Scale of the plan view of this chart is 1inch=1000feet
Latitude and longitude coordinate tick marks
The Runway Information is focused on the following items:
Runway number is magnetic unless followed by “T” for true in the far north.
Runway number and, when known, magnetic direction unless followed by “T” for true in the far north.
Seaplane operating area, or water runway.
Closed runway. Temporarily closed runways will retain their length and runway numbers.
Elevations of the runways’ entrance and the lengths of the runways are usually marked at the end and the middle of the runways.
Runway number and Magnetic Direction
Entrance elevation of 07L
Length of 07R
Displaced thresholds reduce the length of runway available for landings. This portion of runway prior to a displaced threshold is available for takeoffs in either direction, and landings only from the opposite direction.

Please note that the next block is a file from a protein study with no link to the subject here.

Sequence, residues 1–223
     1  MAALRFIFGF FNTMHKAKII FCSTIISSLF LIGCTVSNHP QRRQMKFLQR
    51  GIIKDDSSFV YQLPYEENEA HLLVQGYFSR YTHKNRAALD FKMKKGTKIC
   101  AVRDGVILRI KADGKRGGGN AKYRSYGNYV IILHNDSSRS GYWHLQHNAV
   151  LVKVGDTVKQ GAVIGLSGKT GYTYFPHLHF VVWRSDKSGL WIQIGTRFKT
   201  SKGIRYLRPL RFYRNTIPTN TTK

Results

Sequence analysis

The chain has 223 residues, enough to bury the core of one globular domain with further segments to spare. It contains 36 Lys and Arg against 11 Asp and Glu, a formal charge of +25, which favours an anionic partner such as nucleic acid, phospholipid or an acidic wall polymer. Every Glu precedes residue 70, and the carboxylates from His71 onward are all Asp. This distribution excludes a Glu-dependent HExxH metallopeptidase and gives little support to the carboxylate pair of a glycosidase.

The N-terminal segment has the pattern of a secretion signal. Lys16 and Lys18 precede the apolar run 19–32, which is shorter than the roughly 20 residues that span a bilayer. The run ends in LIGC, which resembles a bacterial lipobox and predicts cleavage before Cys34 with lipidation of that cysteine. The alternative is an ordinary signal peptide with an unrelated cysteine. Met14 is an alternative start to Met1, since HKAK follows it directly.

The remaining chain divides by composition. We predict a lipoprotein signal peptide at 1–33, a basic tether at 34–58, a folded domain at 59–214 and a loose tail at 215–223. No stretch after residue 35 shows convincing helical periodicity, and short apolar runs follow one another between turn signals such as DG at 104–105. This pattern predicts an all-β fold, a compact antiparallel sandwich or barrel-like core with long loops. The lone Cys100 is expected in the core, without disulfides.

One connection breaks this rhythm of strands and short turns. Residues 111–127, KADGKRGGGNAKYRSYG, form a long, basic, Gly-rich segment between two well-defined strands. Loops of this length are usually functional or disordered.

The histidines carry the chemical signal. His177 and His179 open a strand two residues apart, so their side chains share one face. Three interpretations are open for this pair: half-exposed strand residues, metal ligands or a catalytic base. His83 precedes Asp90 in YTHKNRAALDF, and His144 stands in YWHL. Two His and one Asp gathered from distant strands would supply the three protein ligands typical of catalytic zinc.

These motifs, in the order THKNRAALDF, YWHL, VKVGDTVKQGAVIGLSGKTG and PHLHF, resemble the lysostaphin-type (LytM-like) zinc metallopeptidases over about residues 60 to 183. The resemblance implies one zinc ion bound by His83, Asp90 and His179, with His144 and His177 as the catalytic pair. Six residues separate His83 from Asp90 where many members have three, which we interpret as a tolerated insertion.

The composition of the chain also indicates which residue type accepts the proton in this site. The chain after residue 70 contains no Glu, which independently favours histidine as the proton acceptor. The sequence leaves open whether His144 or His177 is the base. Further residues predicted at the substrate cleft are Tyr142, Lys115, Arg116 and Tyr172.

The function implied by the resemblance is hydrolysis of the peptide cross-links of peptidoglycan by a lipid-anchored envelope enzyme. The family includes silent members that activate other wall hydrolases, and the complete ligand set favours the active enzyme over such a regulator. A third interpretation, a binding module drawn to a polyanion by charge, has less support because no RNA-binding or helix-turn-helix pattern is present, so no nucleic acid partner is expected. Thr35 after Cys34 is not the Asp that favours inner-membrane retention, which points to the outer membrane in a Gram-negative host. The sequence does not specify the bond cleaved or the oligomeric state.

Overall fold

Stopways or overruns are areas beyond the takeoff runway at least as wide as the runway and centered upon its extended centerline. They may be used to decelerate an airplane during an aborted takeoff.
In the plan view of the charts, different symbols are used to portray different runway surfaces.
Unpaved runway, such as turf, dirt, or gravel. The type of surface is usually printed on the chart next to the runway.
Pierced steel planking (PSP)
Seaplane operating area or water runway. Dashed lines indicate the operating area.
Area under construction
Unidirectional arrester gear
Bidirectional arrester gear
In addition to runways, the airport chart indicated landing areas as follows:
Helicopter landing pad